Wearable tech is one of the fastest-advancing sectors of the wider technology industry, now outpacing the development of smartphones. From the basic fitness trackers and highly-advanced sports and smartwatches, to virtual and augmented reality headsets, wearables are everywhere.
With increasing daily dependency on our smartphones, the evolution into wearable computing was an inevitability and welcomed too. Especially with the advent of the smartwatches design and availability, such tech has now become an obsession. To fuel that obsession — and grow the market for more wearable computing devices — programming, application and thoughtful design needs to keep pace along with imagination.
Are apps up to the task?
One of the key challenges facing current wearable computing devices is the lack of killer apps. Without a variety of robust apps serving the different needs of consumers, the future of wearable devices will be cloudy at best. If we scan the market to see what is available right now, the few apps around are limited to fitness-specific features like heart-rate monitoring, calorie intake, diet tracking, in addition to reading texts and display/answer of calls. Although helpful, these aren’t considered “killer apps” that capture the imagination of consumers, nor make them excited enough to invest in and use a wearable computing device.
According to the tech research firm Gartner, “wearable devices will drive half of all app interactions in the coming years.” If this prediction proves to be true, we will see a wave of new apps hit the market soon. Consumers want to have apps available in all major operating systems iOS and Android.
Challenges facing Wearable Technology
There are a host of concerns related to wearable computing devices that need to be addressed for such devices to become mainstream, such as:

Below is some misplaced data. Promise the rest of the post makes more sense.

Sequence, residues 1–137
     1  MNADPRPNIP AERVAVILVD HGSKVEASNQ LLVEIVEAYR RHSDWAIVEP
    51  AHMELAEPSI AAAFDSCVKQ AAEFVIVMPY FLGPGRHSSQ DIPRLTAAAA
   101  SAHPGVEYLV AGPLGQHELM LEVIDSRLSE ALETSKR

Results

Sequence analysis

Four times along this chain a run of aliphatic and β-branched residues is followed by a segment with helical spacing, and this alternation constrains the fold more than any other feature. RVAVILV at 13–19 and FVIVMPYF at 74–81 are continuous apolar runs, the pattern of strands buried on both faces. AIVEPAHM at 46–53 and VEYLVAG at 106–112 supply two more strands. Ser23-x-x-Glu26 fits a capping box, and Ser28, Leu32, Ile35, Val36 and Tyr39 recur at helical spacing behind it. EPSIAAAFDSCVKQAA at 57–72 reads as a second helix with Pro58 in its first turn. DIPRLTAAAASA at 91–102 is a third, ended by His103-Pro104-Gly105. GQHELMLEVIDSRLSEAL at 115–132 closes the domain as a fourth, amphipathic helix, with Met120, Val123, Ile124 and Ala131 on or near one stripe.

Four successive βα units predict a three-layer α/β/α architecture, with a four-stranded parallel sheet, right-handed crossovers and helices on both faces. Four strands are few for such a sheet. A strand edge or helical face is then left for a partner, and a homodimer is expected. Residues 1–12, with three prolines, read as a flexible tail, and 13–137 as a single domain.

- Killer apps
- Power management
- Technological dependence created by augmented reality and automatic processing
- Advances in software architecture to make up for the challenges of navigating on such small-screen interfaces
- Management of wireless and personal area networks (PAN);
- Sufficient security from hackers with the potential to control the data stores on the device, if not the device itself while in use.
But with security and other risks addressed, the hands-free and location-independent operations of wearable computing devices could lead to a number of applications. For example, the devices could provide new capabilities for those needing high-tech mobility and connectivity in the field, such as emergency personnel, search-and-rescue teams, warehouse workers or anyone on the move. The systems also make it possible to track individuals, such as nurses performing rounds or emergency workers in the field.
Wearable computing devices could also display schematics to a technician repairing a specialized piece of machinery or allow a worker to manage equipment remotely, such as assembly-line machinery, providing an extra layer of safety for the workers. Even sales personnel could take advantage of such technology, easily accessible information to deliver better and faster customer service.
Every new technology has an introduction and discovery phases in its life cycle, and wearable computing devices are no exception. A new catalyst that will advance the life cycle of wearable devices is the introduction of 5G, that will provide more bandwidth and open the gates for many options like real-time monitoring of health and multiple apps working at the same time. You can imagine what kind applications will benefit from this combination of wearables and 5G.
There will be times when consumers will question the purpose and use of such devices, and some people will reject them altogether. But the potential of wearable devices is too much to ignore, and the benefits are too many to walk away from. If past experience with the everyday significance of smartphones is any indication, then the future of wearable computing devices is just as bright, and limited only by our own imaginations.